When planning food storage, it’s easy to fall into the quick food trap. Some people go the instant food route while others stock up on grains, beans, and the like. It’s about planning for a future that may never happen. It’s inconvenient. It’s expensive. Then there’s the advertising. I almost get suckered into it – the quick kits, the “you don’t have to think about this” kits. Some feel affordable. Some feel like they will be there to comfort you in your time of need.
I am not one who likes the food in these kits. I’ve bought a few instant camping meals – the same they sell in the kits and my family doesn’t like them. Instead, I focus on what is easy for me. I end up going the beans and rice route. They are things we will eventually eat so having extra is a good thing, right?
One day, I was reading on food storage and the author said something that never crossed my mind – you have to make the food feel normal and comforting. “What?” Normal? Comforting? They suggested packing in some chocolates and spices so the food would taste good. It may sound like a “duh?” moment but I wasn’t the only one.
Last year I asked my favorite canning group about canning vanilla extract so I could add it to my emergency kit. I know it doesn’t need canning nor is it recommended that you can alcohol but I was looking for a leak proof solution. After all the canning discussion, someone asked me why would I put vanilla extract in my emergency kit. In my house, vanilla is essential. If nothing else, we could have hot milk with vanilla.
Now as I get to learning more and more about food storage, I start to understand why it is necessary to add sugar, oil and spices to your plan.
The suggested plan I have been using as the guideline for my food storage recommends that you have 5 pounds salt, 60 pounds sweeteners, and 40 pounds fat per person. This is not just so your food tastes good. They are all necessary in their own way. If planned well, your added ingredients can not only improve the taste of your food but your health.
Let’s start with salt. If you purchase pre-packaged meals, you will not need salt. In fact, you may have too much. However, if you go the rice and beans route, salt will be necessary. Salt helps our body function. We need it as an electrolyte. Salt can also carry trace minerals that our body desperately needs. Personally, I am planning for sea salt and pink Himalayan salt because they are amongst some of the best salts for nutrition. A local bulk foods grocery store carries both at amazing prices. If, I did not have that option, I would still look for a sea salt.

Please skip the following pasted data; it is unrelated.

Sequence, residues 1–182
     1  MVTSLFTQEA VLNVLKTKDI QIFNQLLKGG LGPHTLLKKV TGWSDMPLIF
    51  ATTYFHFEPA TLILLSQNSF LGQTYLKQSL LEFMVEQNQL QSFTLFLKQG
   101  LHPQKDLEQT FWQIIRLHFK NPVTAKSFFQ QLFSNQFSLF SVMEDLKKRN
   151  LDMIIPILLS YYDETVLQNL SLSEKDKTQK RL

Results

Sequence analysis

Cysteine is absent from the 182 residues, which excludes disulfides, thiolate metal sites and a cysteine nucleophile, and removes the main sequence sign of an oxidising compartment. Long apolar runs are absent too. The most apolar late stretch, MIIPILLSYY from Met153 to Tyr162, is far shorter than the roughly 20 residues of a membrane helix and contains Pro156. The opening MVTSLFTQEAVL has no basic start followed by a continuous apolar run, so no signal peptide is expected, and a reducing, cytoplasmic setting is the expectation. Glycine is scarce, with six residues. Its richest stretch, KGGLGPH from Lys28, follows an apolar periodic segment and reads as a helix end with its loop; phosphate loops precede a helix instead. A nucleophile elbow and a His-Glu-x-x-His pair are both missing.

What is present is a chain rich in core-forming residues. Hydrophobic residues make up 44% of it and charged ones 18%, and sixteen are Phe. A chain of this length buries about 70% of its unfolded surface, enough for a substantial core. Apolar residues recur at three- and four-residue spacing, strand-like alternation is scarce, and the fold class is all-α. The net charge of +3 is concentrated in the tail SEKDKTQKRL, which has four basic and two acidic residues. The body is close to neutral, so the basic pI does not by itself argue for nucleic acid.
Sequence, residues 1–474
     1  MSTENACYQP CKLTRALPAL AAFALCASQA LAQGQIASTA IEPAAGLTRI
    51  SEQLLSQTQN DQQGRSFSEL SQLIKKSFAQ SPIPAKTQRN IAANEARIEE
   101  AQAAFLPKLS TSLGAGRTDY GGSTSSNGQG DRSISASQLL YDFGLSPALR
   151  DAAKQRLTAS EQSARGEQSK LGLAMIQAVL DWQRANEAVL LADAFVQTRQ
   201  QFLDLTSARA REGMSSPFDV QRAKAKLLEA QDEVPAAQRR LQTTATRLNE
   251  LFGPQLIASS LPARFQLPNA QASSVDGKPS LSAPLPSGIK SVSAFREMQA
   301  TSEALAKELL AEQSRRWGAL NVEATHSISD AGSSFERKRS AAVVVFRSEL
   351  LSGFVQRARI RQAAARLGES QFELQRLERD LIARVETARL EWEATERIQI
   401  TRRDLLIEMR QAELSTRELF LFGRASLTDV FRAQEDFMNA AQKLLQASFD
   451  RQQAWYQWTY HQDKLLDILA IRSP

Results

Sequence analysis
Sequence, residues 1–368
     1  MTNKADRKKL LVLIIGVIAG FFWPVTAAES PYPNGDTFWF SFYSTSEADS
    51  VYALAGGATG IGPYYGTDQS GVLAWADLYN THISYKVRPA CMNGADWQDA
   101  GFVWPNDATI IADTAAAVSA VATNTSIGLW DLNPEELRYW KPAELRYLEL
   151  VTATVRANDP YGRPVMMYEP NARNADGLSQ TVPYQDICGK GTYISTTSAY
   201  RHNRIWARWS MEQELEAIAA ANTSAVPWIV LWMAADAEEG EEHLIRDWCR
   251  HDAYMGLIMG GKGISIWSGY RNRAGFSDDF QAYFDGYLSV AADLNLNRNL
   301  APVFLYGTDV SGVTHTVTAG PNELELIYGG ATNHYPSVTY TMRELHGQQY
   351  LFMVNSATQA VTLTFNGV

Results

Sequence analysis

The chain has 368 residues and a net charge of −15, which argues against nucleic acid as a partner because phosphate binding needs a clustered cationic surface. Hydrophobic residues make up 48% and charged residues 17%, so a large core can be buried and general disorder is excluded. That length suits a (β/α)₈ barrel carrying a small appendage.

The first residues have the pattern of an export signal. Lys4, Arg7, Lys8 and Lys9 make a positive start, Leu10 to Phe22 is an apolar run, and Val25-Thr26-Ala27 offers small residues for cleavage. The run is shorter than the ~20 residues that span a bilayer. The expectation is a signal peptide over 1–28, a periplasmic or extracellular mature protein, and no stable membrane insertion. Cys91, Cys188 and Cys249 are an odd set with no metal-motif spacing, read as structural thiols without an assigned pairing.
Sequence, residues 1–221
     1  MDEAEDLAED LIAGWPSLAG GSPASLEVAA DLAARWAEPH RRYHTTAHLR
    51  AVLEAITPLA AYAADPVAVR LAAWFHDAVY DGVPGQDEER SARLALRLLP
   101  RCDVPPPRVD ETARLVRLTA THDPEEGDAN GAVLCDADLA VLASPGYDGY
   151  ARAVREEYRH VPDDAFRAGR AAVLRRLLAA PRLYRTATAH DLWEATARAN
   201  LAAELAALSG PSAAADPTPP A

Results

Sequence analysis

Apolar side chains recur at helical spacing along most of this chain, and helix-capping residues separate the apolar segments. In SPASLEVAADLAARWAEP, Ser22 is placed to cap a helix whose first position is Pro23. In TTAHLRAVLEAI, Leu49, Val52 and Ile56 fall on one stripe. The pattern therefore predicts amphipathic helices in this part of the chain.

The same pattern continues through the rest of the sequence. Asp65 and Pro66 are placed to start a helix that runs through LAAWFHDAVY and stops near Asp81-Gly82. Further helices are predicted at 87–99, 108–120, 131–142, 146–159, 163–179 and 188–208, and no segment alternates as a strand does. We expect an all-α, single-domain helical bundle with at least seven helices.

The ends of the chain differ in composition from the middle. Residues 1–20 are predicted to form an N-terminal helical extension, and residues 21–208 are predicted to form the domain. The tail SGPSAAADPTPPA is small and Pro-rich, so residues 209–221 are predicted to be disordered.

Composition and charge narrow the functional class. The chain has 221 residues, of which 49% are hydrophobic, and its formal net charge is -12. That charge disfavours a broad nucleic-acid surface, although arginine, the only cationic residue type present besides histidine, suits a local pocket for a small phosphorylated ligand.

The reason I don’t go for a basic table salt is that they have anti-caking agents that I am just not sure I am comfortable. I like the added iodine but I can get that from sea salt without the other additives. I could go for a canning salt which doesn’t have any additives but then I would miss out on important nutrients such as iodine.
There is one thing I could add and I might still add it to my pantry – seaweed. There are seaweed snacks, sheets or a fun product by Maine Coast Sea Vegetables – Sea Seasonings. Some of the Sea Seasoning shakers have salt but they all have bits of seaweed designed to be shaken onto your food.
No matter which way you go, you need to plan for 5 lbs per person and be aware that the large boxes of salt are 4 pounds.
When looking at sweeteners, it’s easy to focus on sugar. It’s affordable but it’s not overly nutritious (so we can just skip it, right?). Even basic table sugar has a purpose. Our body needs sugar for survival. It’s the energy that drives our body. Sugar (sucrose) is a fast absorbing sugar which gives us quick bursts of energy.
I would not recommend focusing all your energy on table sugar, though. I know that my family goes through a 25 pound bag of sugar about every 2 months. That’s with baking and canning, as well as sweetening drinks. So my plan involves 125 pounds of table sugar (white sugar). For a family of 3, we need 180 pounds of sweetener. My remaining 55 pounds will be a combination of honey, maple syrup and molasses. All three are nutrient dense.